From time to time, we at Sigma Partners see business plans which are so large in scope that we worry the founders have overreached. We ask whether they are "boiling the ocean", the quintessential example of a task that, surely, no-one can accomplish.
Looked at from the vantage point of my involvement in Jewish environmental non-profit, Hazon, we wonder whether humanity as a whole is succeeding in boiling the ocean as part of our global warming project. Even if we don't boil it, we may well be acidifying it quite successfully.
One response to global warming is called geo-engineering -- the concept of engineering solutions for the whole planet. Any geo-engineering project, were it to be a start-up seeking funding, would indeed be accused of trying to boil the ocean, even though they would likely be trying to stop exactly that! Unfortunately, geo-engineering projects are very difficult to model, and because of their enormous scale, are risky to undertake because the unintended consequences will be of that same worrying, enormous scale. In January, the Economist magazine reported on several geo-engineering projects and touched nicely on these themes. In March they had a more detailed report on one such project, based on seeding the oceans with iron (read the story) ... and the unexpectedly disappointing results from early tests.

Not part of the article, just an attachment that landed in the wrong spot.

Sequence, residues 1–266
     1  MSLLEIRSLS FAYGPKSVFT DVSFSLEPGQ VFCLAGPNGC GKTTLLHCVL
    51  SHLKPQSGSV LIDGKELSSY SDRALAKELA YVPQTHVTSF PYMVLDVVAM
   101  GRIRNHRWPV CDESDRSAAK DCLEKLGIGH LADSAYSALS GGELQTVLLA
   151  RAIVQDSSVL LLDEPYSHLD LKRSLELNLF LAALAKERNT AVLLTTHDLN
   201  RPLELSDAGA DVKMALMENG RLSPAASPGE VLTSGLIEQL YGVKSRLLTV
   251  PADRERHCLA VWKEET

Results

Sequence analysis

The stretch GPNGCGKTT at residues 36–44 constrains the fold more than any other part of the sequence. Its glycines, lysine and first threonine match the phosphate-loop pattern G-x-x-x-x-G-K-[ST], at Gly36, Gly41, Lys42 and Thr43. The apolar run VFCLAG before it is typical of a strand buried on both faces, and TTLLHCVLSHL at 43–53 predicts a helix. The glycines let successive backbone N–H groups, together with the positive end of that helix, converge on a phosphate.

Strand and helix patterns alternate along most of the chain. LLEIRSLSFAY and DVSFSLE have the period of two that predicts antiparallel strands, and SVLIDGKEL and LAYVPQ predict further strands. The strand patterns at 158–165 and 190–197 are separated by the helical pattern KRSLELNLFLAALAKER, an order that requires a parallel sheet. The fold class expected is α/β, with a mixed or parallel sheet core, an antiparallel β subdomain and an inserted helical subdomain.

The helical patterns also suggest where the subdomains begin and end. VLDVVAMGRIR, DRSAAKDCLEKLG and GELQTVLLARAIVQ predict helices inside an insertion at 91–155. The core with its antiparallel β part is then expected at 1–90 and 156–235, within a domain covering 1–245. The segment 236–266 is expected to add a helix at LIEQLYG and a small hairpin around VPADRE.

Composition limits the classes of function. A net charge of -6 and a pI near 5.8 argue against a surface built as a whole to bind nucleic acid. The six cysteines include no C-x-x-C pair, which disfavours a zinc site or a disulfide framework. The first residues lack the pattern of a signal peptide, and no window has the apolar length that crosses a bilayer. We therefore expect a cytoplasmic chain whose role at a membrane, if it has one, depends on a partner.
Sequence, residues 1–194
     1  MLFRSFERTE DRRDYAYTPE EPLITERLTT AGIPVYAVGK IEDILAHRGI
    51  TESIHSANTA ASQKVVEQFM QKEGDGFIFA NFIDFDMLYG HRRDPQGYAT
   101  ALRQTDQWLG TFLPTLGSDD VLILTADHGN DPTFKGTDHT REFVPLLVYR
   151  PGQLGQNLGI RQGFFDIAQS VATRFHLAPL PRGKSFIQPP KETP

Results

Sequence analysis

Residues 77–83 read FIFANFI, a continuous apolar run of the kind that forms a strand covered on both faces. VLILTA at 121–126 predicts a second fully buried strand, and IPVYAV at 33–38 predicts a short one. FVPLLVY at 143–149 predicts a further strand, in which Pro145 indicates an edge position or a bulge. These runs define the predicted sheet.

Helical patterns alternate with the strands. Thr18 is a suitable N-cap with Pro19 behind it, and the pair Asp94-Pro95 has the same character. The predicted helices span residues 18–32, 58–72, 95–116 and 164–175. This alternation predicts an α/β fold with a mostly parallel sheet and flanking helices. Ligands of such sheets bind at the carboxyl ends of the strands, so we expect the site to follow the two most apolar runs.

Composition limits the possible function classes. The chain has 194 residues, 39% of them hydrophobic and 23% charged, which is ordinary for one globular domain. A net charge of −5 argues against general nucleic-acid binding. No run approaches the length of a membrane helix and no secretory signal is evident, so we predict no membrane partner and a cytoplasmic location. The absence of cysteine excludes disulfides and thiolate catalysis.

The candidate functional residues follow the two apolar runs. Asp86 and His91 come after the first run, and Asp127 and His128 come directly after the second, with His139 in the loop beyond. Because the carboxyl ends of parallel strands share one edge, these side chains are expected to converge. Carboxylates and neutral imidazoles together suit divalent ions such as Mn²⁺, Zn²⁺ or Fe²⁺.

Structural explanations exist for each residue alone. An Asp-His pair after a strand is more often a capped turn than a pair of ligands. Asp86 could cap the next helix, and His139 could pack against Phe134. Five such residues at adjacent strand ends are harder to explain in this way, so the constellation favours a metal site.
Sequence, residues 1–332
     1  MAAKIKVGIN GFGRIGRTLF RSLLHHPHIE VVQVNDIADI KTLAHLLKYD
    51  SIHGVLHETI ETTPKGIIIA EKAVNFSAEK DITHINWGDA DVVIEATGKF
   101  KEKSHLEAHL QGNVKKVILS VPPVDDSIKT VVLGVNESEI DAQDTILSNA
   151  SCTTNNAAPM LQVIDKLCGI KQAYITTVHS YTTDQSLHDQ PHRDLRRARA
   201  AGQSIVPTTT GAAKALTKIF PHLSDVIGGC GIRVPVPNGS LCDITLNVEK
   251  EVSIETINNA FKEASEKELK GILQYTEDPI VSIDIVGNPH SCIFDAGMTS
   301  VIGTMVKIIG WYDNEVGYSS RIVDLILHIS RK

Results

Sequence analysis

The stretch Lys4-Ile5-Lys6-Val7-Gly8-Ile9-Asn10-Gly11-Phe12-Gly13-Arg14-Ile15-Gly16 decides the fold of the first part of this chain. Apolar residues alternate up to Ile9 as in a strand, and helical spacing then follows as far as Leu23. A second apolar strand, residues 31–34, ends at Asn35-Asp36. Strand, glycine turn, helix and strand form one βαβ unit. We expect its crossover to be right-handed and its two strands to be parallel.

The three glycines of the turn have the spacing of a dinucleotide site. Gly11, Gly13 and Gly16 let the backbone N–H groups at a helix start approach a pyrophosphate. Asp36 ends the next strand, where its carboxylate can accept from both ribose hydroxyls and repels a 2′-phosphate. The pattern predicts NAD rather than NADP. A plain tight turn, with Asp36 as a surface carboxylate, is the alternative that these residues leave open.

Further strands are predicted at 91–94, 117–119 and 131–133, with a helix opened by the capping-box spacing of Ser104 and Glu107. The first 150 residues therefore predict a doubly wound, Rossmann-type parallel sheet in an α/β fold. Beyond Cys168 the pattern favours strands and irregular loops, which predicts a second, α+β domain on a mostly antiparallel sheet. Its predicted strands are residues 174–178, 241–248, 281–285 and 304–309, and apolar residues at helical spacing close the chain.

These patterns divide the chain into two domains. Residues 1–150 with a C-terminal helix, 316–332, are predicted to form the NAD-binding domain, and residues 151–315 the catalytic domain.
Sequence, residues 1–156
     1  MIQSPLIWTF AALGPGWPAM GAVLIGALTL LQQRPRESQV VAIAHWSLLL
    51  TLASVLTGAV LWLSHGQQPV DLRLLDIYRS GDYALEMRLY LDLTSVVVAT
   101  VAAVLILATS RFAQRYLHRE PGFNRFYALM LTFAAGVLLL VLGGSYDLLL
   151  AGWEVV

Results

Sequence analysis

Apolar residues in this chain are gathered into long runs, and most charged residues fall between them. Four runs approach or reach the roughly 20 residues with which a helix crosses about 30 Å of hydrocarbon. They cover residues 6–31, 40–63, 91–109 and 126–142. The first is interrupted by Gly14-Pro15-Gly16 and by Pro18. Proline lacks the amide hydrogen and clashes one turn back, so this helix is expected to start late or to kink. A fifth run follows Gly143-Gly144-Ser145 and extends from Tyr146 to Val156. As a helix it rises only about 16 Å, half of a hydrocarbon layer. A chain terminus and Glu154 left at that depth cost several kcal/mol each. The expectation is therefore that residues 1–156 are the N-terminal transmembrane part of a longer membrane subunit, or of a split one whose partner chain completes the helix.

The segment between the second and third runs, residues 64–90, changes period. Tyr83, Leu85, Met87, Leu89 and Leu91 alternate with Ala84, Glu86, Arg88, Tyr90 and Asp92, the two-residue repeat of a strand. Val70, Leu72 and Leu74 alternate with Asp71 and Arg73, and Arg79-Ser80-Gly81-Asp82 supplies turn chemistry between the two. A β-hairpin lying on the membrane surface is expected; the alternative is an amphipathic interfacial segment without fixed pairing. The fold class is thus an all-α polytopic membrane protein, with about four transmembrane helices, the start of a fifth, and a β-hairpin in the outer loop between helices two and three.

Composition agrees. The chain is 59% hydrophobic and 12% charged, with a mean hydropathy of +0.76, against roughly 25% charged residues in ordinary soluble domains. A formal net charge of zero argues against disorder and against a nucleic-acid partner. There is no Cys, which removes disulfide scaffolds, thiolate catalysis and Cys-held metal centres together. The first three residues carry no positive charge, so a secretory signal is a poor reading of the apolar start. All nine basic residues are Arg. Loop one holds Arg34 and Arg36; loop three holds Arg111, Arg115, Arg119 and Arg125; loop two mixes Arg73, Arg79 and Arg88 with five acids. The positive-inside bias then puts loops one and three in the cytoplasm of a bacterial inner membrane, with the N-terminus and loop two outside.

I wonder from time-to-time whether the venture capitalists' natural skepticism about boiling the ocean should be equally applied to the opposite problem.